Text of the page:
In the treatment schedule prepared by a multi-professional group [42] for pain in acute phase, visual analogue scale (VAS), with scoring from 0 - 10 is used, where 0 and 10 indicates two extreme indicators of pain. However, it should be interpreted in association with clinical examination particularly for stress as indicated by the French work group [46]. During history taking of the patients, history of allergy and drug reactions should be noted along with presence of any co-morbidity like diabetes, hypertension, renal diseases, glaucoma, cardiomyopathy etc. Steroids and non-steroidal anti-inflammatory drugs (NSAIDs) should be avoided except in associated neuropathy or encephalopathy. Absolute bed rest and proper hydration should be maintained. Any adverse reaction due to the medicines should be closely observed [43].

  When VAS score is less (1 - 3), paracetamol (500 - 750 mg 4 times a day) and dipyrone (1.0g 4 times a day if body weight is more than 60 kg) may be used [43]. When VAS score is moderate (4 - 6) dipyrone and paracetamol may be used together. Tramadol can be used if there is allergy to dipyrone. Care should also be taken in pregnancy and breast feeding conditions. In negative response to treatment the pain may be assessed again with DN4 questionnaire again [43].

  When there is severe neuralgic pain 25 mg amitriptyline may be added with other drugs. One may also try gabapentin (300 mg twice a day) or pregabalin (75 mg twice a day). Anticonvulsants and antidepressants should be used carefully in these patients. If there is history of cardiac arrhythmia, amitriptyline should not be used. When VAS score is high (7 - 10), tramadol or codeine (30 mg 4 times a day) may be combined with other drugs, while supportive treatments for nausea and constipation may also be given [43]. Again, if there is a negative response, the DN4 questionnaire should be used after 7 days of treatment and if this indicates absence of neuralgic pain corticosteroids or NSAIDs may be used considering co-morbid disease if any. In pregnancy NSAIDs should not be used. Different studies indicated ambiguity regarding presence of the virus in the newborns [38].

  Newborns and children: When the mother is suffering from the disease the newborns should be observed for at least 5 days in NICU [38]. Children with the disease are similarly treated as adults except NSAIDs and Codeine.

  Treatment of pain in the post-acute phase: This phase extends from 22 - 90 days with variable clinical manifestations. The main aim of treatment in this period is to relieve pain and neuropathy which may be assessed by DN4 questionnaire, and if required anti-depressants or anticonvulsants may be used along with psychological support. During the post acute or mild-intensity pain phase (VAS from 1 to 3), NSAIDS are well known therapeutics for relieving pain such as ibuprofen (400 mg) every 8h, nimesulide (100 mg) or meloxicam (7.5 - 15 mg) or naproxen (500 - 750 mg) may be used every day for 7 - 10 days. If pain persists steroids like prednisone (up to 0.5 mg/kg body weight) each day may be used and should be continued for 3 - 5 days more followed by tailing of 5 mg weekly [43].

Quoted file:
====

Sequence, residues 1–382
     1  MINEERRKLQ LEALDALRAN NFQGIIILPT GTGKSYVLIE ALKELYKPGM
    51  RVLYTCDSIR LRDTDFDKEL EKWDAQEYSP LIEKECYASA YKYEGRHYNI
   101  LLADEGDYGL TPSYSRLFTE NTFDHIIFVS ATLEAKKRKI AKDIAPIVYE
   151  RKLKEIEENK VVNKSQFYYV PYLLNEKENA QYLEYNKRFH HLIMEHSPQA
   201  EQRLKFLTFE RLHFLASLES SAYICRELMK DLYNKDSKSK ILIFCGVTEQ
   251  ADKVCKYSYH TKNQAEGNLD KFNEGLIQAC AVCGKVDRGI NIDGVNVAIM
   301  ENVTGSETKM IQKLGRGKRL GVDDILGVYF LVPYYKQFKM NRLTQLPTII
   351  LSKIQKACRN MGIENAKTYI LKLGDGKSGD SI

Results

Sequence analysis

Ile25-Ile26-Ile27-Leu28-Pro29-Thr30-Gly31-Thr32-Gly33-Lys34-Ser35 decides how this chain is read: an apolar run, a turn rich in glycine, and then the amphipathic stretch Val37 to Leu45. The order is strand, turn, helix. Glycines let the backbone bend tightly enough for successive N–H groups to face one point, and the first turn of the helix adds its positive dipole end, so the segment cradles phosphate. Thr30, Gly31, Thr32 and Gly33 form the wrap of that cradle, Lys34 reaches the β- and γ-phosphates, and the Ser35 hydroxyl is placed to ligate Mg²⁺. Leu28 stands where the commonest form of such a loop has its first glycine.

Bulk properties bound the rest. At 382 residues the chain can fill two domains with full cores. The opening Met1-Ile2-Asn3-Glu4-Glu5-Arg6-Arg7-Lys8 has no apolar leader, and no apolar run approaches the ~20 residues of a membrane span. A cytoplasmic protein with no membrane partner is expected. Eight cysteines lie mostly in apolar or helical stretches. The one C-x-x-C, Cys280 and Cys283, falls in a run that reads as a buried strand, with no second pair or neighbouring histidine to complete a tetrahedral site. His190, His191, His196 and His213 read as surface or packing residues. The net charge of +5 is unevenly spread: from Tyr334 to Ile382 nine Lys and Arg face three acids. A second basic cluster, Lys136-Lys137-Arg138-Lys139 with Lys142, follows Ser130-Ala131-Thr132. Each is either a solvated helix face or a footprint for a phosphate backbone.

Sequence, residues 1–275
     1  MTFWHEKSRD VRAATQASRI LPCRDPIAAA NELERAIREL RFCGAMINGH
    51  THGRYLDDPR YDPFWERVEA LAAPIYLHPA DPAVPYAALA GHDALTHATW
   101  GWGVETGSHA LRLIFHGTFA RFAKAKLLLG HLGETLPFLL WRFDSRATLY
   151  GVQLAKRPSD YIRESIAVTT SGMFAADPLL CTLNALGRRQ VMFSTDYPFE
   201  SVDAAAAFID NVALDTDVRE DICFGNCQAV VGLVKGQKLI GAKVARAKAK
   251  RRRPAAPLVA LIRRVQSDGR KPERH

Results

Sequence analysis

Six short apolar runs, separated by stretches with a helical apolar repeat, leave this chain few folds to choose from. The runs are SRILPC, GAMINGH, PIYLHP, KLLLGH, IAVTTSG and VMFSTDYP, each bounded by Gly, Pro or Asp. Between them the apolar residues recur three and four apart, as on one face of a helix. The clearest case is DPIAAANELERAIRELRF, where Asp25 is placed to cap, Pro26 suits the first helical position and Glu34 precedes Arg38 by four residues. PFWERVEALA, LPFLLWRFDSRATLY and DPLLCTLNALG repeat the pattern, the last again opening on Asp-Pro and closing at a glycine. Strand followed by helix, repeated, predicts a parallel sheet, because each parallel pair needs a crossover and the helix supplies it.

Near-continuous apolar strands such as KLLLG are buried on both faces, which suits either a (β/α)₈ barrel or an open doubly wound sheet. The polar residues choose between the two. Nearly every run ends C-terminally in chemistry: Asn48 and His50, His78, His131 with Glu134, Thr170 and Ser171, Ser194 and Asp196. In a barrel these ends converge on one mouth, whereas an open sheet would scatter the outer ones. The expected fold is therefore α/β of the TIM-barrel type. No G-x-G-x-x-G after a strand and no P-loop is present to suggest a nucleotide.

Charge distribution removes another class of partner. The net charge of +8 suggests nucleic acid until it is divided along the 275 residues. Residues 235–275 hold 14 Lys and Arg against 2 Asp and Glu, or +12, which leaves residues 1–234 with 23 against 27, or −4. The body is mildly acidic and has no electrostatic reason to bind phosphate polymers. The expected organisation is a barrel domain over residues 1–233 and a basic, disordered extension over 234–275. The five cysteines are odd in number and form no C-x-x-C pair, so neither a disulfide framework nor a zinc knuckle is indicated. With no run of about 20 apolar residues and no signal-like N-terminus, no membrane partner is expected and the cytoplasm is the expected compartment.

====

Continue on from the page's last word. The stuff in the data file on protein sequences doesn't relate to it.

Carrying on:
Chronic phase treatment

  The persistence of clinical manifestations for more than three months is considered a chronic phase. In some patients intense inflammatory manifestations similar to rheumatoid arthritis are observed which according to the VAS are categorized under mild to moderate intensity pain therapeutic recommendations, as mentioned earlier. In case when the pain intensity is very strong other drugs such as disease modifying anti-rheumatic drugs (DMARDS) like methotrexate and hydroxychloroquine may be used [42]. However, other additional approaches of relieving pain and inflammation can also be encouraged to reduce joint pains. In acute phase, rest is mainly recommended as physical activities may aggravate inflammation.

NSAID precautions

  Before NSAID treatment careful measures regarding any existing co-morbidities should be investigated. Evaluation of creatinine, transaminase and urea levels, in both pre and post usage of NSAIDS should be done. Care should be taken with associated comorbidities like cardiac diseases, diabetes, hepatic diseases, hypertension, peptic ulcer, renal diseases etc. In case of gastric injuries gastric protector may be used. During moderate and severe pain (VAS score 4 - 10), corticosteroids are the best known therapeutics such as Prednisone. However, NSAIDS may also be used with an opioid such as tramadol following the above mentioned doses. Prednisone has been known to exhibit recovery from pain of patients suffering with arthralgia. For local inflammatory lesions which do not respond properly to oral medication such as bursitis, capsulitis, synovitis etc. administration of topical anti-inflammatory or corticosteroid injection to the affected region is recommended. Moreover, during synovitis it is recommended to avoid surgical decompression for relieving recurrent pain due to poor healing ability and algodystrophy [38].

  In chronic phase if there are evidences of intense inflammatory reaction, according to the American College of Rheumatology it may be similar to rheumatoid arthritis. Methotrexate and hydroxychloroquine may be considered in this condition with caution [42]. Sometimes some local measures like NSAID gel patch; release of joint fluid or steroid injection, physiotherapy may help to relieve pain [38]. Some antiviral agents like ribavirin, arbidol, interferon, chloroquine, furin inhibitors, and favipiravir are found effective in vitro, however, as such still there is no specific antiviral drug for this disease.